The Builders Lien Act is a powerful tool that gives certain parties rights to register security liens against real property they've worked on, or provided materials to.
This right is not normally available at common law, where the only remedy is a lawsuit.
What is unique about builders liens is the ability to “freeze” land until a debt is paid, or until money is paid “in trust” until the dispute is resolved. This is a powerful tool for contractors or subcontractors who fail to be paid.
To be entitled to a builders lien you have to fall within the definition of:
“ a contractor, subcontractor or worker who, in relation to an improvement, who
- (a) performs or provides work
- (b) supplies material, or
- (c) does a combination of (a) and (b)
has a lien for the price of the work and material to the extent that the price remains unpaid, on all of the following
- (d) the interest of the owner in the improvement
- (e) the improvement itself
- (f) the land in or under which the improvement is located
- (g) the material delivered to the land”
To be able to file a builders lien, there are 2 relevant dates that are crucial, as there are limitation periods in which to file a lien.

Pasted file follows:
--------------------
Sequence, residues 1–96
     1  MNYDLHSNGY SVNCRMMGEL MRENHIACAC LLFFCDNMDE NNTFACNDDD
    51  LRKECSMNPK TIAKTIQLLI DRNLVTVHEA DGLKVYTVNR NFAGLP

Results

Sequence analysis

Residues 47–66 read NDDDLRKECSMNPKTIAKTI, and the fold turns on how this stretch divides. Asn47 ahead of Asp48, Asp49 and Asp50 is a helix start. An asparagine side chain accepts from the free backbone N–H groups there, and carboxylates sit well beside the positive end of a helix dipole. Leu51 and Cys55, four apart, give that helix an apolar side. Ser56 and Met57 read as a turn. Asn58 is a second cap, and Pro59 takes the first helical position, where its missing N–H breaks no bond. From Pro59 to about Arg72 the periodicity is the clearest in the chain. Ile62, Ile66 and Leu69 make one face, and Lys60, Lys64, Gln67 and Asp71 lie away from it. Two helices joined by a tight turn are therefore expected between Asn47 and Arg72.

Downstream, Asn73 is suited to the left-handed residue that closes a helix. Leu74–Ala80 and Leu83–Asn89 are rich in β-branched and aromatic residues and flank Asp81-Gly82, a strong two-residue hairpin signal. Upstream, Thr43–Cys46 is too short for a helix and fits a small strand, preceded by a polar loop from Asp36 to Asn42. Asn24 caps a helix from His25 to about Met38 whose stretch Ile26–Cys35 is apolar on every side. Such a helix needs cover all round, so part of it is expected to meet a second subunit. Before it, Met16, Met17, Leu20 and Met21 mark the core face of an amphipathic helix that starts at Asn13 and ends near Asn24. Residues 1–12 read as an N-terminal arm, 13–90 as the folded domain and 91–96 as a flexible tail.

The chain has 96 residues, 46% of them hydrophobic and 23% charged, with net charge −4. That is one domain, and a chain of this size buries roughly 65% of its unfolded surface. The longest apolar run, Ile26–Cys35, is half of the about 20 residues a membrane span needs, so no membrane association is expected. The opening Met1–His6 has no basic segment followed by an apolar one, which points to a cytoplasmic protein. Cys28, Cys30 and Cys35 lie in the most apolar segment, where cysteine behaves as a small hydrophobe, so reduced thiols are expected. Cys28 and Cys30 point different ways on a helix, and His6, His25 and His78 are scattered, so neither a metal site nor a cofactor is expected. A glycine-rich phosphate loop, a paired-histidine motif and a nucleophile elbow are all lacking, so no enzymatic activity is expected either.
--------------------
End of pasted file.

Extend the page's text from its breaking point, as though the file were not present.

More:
If there has been a certificate of completion issued with respect to the contract or subcontract, you have to file a lien NO LATER THAN 45 DAYS after the certificate or completion is issued, or, in the case of a head contract, NO LATER THAT 45 DAYS after the head contract has been completed (or abandoned).
Often those 2 dates are the same, but if there is any doubt, err on the side of caution and get the lien filed. Once the 45-day time period has expired your right to a builders lien is extinguished.
Filing a builders lien is relatively simple. There is a standard form that can be filled out and taken to the Land Title Office for registration. Most law firms can also file builders liens from their computers on line.
The information you will need in order to file a builders lien is the legal description or civic address of the property and the name of the owner. The cost to file a builders lien is relatively inexpensive, about $30.00.
In addition to the lien remedy, the Builders Lien Act also provides for a system of multiple holdbacks if the value of improvements is over $100,000.00.
The owners, contractors and subcontractors have to establish separate holdback accounts of 10% of the value of the work or materials supplied. This is to ensure that funds will be available to workers in the event the owner or head contractor fails to pay.
Once the 45-day period for filing a builders lien has expired, the holdback funds are then released.
If you don’t get paid for a contract you have performed, or supplied materials for, don’t wait, get a builders lien filed ASAP or as soon as you become concerned that you may not get paid.
Remember, the clock is ticking and you only have a window of 45 days in which to file.
Contact our office for more information or to make an appointment.